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Law360 (September 23, 2020, 10:43 PM EDT) -- The California Supreme Court on Wednesday said law school graduates registered for the state's October 2020 bar exam will have to take the test if they want to practice law, the same day the court's administrative branch announced it was temporarily closing its San Francisco office because of COVID-19.
In a two-sentence docket entry, the high court denied a petition by diploma privilege advocates who had called the Golden State's plan to administer an online exam in early October "impractical, infeasible and inequitable" in light of the pandemic.
The court didn't explain its reasoning, but the California chapter of the group behind the action, United for Diploma Privilege, told Law360 on Wednesday that while they don't plan any further filings right now, their fight isn't over.
"We absolutely anticipated a rejection of diploma privilege," UDP leader Pilar Escontrias said. "We will be continuing to advocate for the court to consider other options aside from a remote proctored exam using ExamSoft technology given the documented failures of it."
Also on Wednesday, the court closed its San Francisco office "due to circumstances associated with the COVID-19 pandemic." The closure will extend until Thursday, and any filings that can't be made electronically will receive an extension until Friday, the high court said.
In its petition, UDP urged the court to waive the bar exam requirement for practicing law and grant diploma privilege to state bar applicants who've graduated from law school, are registered for the upcoming exam and "otherwise meet all qualifications for admission."
UDP leaders Escontrias and Donna Saadati-Soto said they were writing on behalf of almost 1,900 supporters listed in the petition.
The online administration puts examinees at risk of encountering technological difficulties the day of the test, presents privacy concerns and disadvantages test-takers from marginalized groups, they said. Diploma privilege is therefore needed to ensure safe, expedient and equitable attorney licensure "that will address the exceptional and unprecedented challenges faced by the October 2020 California bar applicants," they said.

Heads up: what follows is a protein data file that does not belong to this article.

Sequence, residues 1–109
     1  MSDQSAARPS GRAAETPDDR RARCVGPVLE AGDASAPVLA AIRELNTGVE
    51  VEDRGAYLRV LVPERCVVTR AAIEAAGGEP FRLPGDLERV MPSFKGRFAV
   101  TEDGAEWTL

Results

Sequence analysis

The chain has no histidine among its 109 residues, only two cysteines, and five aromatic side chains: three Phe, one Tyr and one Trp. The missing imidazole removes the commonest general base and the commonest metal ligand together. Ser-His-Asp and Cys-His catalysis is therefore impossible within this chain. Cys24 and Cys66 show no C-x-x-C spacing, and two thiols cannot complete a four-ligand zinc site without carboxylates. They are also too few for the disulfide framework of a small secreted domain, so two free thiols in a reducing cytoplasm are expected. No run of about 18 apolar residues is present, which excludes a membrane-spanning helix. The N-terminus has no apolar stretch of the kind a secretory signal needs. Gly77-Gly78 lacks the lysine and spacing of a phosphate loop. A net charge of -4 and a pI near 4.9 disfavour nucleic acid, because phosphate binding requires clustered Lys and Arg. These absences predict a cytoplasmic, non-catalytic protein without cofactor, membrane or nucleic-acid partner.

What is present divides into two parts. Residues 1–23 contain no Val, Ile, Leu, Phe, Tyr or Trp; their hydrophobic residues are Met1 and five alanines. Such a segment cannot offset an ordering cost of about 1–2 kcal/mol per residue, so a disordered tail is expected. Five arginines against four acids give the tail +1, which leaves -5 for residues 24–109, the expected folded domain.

California's summer bar exam was initially slated for July, but in April the high court postponed it to September, citing "enormous challenges" stemming from the coronavirus pandemic. It was eventually pushed to Oct. 5-6 and shifted online.
UDP's petition was the latest in a string of similar requests made by diploma privilege advocates around the country who argue that the pandemic has led to delays and uncertainty surrounding the test that amount to an unconstitutional burden on examinees.
In Pennsylvania, the effort garnered the support of the Pennsylvania Bar Association, which said it backed a limited plan to allow this year's crop of law school graduates to temporarily begin practicing law without taking the exam, although they should ultimately be required to take the test one day.
A group of law students took the issue to Pennsylvania's highest court last month, arguing that the threat of cyberattacks and technical glitches rendered the test an unreliable means of gauging a would-be attorney's competence as compared with a well-regulated emergency licensure system. Nevertheless, the high court denied the petition.
Advocates also raised the issue in Florida, but the state's highest court refused that request earlier this month.
Escontrias and Donna Saadati-Soto are representing themselves.
The state bar is represented in-house by James Jou Chang.
The case is In re: Temporary Waiver of the Bar Exam Requirement for Admission to the State Bar of California and Provision of Emergency Diploma Privilege, case number S264358, in the Supreme Court of the State of California.
--Additional reporting by Hailey Konnath and Matt Fair. Editing by Emily Kokoll.
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